Ten Top Tips for Growing Herbs in Containers

April 24, 2008

Following on from my post about the advantages of growing herbs in containers, here are some tips to help you have a beautiful and thriving herb container garden.

1.  Choose an appropriate container and compost i.e. A heavy stone trough wouldn’t be a good idea for a balcony garden and a heavy soil based compost wouldn’t be suitable for a hanging basket or windowbox unless the fittings are very secure.

2.  Make sure you can lift the container if you are planting frost tender herbs in it because you will need to place it in a frost free place for the winter if you want them to survive until the following year.

3.  Use a good quality potting compost mixed with coarse sand to help with drainage, plus a 2 to 5cm deep layer of gravel/crocks at the base of the pot.

4.  If you are using metal containers don’t place them in full sun; the herb’s roots will shrivel!

5.  If you want a low maintenance container garden or don’t want to use liquid feeds, you can add a slow release fertiliser into the compost.

6.  If you want to minimise the amount of watering you need to do, consider adding water-retaining gel or granules into the compost.  I have seen people add cut up bath sponges which I guess would have a similar effect although I’m not sure if any chemicals would leach into the soil?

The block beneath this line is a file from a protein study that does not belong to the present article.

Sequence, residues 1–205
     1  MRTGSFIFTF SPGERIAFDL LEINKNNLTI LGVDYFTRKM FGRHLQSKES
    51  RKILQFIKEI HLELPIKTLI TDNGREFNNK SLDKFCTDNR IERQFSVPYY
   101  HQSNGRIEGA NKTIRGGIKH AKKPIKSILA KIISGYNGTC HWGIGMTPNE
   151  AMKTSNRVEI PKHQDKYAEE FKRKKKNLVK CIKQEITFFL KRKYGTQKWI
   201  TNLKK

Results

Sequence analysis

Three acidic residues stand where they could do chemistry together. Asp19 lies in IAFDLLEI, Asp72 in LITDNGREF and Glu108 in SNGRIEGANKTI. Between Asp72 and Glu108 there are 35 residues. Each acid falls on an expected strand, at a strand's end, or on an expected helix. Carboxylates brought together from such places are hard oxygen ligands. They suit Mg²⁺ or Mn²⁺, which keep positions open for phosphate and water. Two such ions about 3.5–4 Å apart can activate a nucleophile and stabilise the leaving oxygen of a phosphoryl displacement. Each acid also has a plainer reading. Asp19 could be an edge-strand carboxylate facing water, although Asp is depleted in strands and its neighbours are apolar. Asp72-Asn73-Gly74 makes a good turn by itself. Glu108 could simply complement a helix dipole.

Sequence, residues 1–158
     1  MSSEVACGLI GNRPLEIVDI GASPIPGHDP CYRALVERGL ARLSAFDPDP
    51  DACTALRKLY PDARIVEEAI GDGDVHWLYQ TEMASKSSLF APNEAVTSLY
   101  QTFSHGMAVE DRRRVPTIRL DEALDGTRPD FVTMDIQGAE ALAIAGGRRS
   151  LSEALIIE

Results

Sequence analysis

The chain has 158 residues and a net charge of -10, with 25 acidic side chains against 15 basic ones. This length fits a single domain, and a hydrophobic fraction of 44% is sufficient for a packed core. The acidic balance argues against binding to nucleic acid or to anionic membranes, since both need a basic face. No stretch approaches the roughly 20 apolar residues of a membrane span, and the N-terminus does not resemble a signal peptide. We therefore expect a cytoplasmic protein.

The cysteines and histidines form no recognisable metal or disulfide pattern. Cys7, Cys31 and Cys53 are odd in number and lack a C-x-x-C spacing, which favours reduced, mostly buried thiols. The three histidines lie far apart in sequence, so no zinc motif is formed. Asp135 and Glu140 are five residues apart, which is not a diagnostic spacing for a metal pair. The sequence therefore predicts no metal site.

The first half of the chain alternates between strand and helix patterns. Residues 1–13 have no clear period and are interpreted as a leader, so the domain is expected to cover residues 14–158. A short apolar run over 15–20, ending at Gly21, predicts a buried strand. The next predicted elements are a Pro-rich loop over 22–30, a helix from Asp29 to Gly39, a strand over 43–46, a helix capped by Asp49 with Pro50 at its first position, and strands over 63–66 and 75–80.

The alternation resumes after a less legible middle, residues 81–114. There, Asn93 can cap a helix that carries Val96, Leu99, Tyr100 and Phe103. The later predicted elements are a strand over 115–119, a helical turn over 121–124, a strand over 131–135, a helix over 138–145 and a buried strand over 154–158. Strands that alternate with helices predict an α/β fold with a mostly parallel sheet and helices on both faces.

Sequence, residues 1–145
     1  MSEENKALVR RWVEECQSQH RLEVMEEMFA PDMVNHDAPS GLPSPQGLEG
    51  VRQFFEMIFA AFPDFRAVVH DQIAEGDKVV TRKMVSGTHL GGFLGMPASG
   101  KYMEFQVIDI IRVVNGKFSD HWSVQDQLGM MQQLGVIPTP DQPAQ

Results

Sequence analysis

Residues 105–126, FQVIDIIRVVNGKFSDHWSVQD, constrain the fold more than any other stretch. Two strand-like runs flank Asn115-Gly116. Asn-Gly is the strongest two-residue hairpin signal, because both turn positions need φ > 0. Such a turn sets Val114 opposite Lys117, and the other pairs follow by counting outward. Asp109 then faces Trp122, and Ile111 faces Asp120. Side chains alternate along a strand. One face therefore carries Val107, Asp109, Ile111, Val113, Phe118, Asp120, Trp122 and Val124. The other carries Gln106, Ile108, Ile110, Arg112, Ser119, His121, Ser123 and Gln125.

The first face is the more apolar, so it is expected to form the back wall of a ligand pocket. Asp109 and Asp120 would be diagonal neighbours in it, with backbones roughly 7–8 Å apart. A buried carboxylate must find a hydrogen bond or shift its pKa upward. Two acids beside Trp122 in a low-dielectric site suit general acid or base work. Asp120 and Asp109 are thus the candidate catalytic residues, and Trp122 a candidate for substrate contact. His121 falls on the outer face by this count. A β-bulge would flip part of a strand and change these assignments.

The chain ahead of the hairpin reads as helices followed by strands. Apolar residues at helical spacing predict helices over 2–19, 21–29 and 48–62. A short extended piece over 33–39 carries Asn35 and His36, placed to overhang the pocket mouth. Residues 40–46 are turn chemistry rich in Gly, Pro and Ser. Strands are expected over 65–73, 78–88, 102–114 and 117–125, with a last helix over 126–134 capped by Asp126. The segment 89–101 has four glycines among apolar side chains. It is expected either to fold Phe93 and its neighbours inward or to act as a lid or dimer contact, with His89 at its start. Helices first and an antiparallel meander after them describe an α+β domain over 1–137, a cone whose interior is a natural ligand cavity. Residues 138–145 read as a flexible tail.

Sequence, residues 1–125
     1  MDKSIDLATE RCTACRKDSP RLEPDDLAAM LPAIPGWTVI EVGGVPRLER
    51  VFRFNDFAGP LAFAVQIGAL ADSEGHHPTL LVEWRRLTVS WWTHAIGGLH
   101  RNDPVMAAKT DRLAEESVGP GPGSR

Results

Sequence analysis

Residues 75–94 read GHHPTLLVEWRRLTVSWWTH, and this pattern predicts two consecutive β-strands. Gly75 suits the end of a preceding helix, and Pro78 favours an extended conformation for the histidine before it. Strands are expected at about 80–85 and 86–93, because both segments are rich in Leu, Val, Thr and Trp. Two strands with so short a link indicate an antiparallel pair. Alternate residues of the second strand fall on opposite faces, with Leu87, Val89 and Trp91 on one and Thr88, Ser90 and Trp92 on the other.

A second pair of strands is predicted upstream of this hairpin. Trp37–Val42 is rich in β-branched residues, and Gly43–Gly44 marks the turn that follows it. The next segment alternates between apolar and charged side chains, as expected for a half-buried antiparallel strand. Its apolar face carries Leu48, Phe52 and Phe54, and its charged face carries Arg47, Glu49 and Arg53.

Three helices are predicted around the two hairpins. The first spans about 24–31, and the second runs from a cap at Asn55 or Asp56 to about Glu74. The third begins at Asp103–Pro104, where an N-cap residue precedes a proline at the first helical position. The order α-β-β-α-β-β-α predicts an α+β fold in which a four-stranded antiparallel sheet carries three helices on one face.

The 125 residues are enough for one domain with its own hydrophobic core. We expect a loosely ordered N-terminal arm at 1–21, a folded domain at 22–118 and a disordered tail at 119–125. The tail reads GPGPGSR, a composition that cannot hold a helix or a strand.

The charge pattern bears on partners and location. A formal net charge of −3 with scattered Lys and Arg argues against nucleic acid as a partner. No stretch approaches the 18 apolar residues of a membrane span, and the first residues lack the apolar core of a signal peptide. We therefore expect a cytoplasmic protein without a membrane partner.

7.  As soon as you see roots starting to grow out of the base of the pot, you know you need to re-pot the plant into the next largest size container.

8.  Check the moisture levels of the container soil daily during warm spells.

9.  Try not to cram too many herbs into one pot; they need plenty of light and space to avoid them growing too tall and spindly.  A group of containers with one herb per pot can look stunning.

10.  Trim/harvest your herbs regularly to promote fresh bushy growth.

Oh, I thought of some more, here’s a few of them…….

11.  Place your containers where they will get plenty of light especially in the morning.

12.  Place containers away from strong and persistent winds; it stresses your herbs out!  This is especially important if you are growing taller herbs in a container; the stems may break.  Wind tends to dry out the soil and can also blow away the top soil if there is not mulch on it.

13.  For established herbs in containers, mulch in the Spring by removing the top 2 to 5 cm of soil and replacing with a mulch of fresh compost.

14.  Plant herbs that like similar soil conditions in the same container. i.e lavender and mint wouldn’t be a good combination.

If you have any tips or herb container gardening questions, feel free to leave a comment below.

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